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Elkhart County jobless rate up

Elkhart County's unemployment rate rose in July, according to numbers releaed by the Indiana Department of Workforce Development.

Posted on Aug. 17, 2012 at 1:00 a.m. | Updated on Aug. 17, 2012 at 7:47 p.m.

GOSHEN — Elkhart County’s unemployment rate continued rising in July, while the state’s jobless rate held steady.

Elkhart County’s rate rose to 9.0 percent, up from 8.9 percent in June and 8.6 percent in May, according to numbers released Friday by the Indiana Department of Workforce Development.

Indiana’s non-seasonally adjusted jobless rate stayed at 8.3 percent in July, the same as June, according to numbers released Friday by the U.S. Bureau of Labor Statistics. The seasonally adjusted numbers showed the state rising from June’s 8.0 percent to 8.2 percent in July, still below the national 8.3 percent average.

Elkhart’s unemployment rate inched upward to 11 percent from June’s 10.9 percent, and Goshen’s rose from 8.5 percent in June to 8.9 percent in July, according to the Indiana Department of Workforce Development. The actual number of unemployed people in Goshen rose by 44, according to workforce development, while 17 more people were unemployed in Elkhart,

In surrounding counties, St. Joseph County’s jobless rate rose from 9.3 to 9.4 percent between June and July; Marshall County’s rate also rose a tenth of a percent to 8.4 percent; Noble and Kosciusko counties stayed steady at 8.8 and 7.3 percent, respectively; and LaGrange County dropped from 7.9 percent in June to 7.7 percent last month, according to the state.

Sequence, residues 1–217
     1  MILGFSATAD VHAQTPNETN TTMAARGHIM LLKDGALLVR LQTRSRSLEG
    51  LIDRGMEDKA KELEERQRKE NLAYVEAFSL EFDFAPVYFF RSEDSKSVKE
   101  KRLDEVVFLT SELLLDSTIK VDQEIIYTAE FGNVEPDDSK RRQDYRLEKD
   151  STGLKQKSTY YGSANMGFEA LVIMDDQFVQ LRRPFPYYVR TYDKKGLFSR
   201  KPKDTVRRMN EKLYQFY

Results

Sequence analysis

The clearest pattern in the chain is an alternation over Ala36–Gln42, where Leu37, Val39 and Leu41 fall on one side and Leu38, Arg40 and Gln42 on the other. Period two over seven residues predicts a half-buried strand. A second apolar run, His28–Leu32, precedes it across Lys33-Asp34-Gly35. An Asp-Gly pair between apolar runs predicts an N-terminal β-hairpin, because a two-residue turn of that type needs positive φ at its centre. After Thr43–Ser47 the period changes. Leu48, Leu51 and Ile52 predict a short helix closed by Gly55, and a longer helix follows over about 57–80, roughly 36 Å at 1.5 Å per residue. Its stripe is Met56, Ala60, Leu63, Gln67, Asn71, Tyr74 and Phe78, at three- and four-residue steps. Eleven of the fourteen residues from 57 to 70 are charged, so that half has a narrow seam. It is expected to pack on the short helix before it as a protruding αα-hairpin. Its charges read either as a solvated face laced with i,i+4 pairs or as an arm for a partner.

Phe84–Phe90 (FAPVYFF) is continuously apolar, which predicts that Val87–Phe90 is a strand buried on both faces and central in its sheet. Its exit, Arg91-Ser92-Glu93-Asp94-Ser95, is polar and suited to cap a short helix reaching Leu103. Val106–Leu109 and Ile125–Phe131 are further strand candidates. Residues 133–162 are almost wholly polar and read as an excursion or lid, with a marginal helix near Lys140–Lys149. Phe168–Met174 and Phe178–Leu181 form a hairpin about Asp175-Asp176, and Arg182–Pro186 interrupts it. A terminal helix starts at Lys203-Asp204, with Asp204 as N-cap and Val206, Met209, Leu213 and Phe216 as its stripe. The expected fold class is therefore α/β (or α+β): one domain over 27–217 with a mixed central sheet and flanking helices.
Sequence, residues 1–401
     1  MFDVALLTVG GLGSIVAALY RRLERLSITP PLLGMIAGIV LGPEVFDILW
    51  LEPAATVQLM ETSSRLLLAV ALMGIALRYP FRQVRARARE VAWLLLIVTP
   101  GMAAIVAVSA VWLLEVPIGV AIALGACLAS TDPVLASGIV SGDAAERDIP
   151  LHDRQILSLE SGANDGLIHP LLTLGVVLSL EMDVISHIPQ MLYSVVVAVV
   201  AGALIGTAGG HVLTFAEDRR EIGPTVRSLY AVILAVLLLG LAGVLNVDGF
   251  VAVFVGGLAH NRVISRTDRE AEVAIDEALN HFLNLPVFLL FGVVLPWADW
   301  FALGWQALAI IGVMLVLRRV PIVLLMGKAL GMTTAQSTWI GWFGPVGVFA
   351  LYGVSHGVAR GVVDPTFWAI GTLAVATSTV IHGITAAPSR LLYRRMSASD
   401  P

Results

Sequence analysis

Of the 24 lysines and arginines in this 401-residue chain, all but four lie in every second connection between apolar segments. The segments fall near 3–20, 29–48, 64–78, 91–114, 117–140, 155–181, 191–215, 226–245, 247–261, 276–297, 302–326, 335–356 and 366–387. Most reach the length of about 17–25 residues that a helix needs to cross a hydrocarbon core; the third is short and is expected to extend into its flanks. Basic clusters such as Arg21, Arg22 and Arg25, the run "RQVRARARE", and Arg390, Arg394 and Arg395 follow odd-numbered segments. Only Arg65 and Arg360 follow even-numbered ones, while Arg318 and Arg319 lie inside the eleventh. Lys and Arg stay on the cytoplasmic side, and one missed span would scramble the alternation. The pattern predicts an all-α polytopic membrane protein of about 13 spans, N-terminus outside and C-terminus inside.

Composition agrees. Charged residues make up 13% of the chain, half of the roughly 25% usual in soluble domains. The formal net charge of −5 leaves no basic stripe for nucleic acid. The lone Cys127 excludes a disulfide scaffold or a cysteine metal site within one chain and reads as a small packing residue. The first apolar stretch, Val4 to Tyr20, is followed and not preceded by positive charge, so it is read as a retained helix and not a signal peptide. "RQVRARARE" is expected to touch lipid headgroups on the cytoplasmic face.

Indiana saw private-sector job growth for the ninth consecutive month, with July’s increase totaling 3,300, according to workforce development. The state’s job growth rate, 1.7 percent this year, outpaces the U.S. average of 1.0 percent.

Scott Sanders, commissioner of the Department of Workforce Development, said the department is unsure about some of the federal data from July. “We have raised several questions with the U.S. Bureau of Labor Statistics about discrepancies in June and July’s labor force data,” he said in a written announcement today. “The numbers seem to indicate nearly 46,000 Hoosiers went from gainfully employed in May to missing from the labor force in July, with no explanation,” he said.


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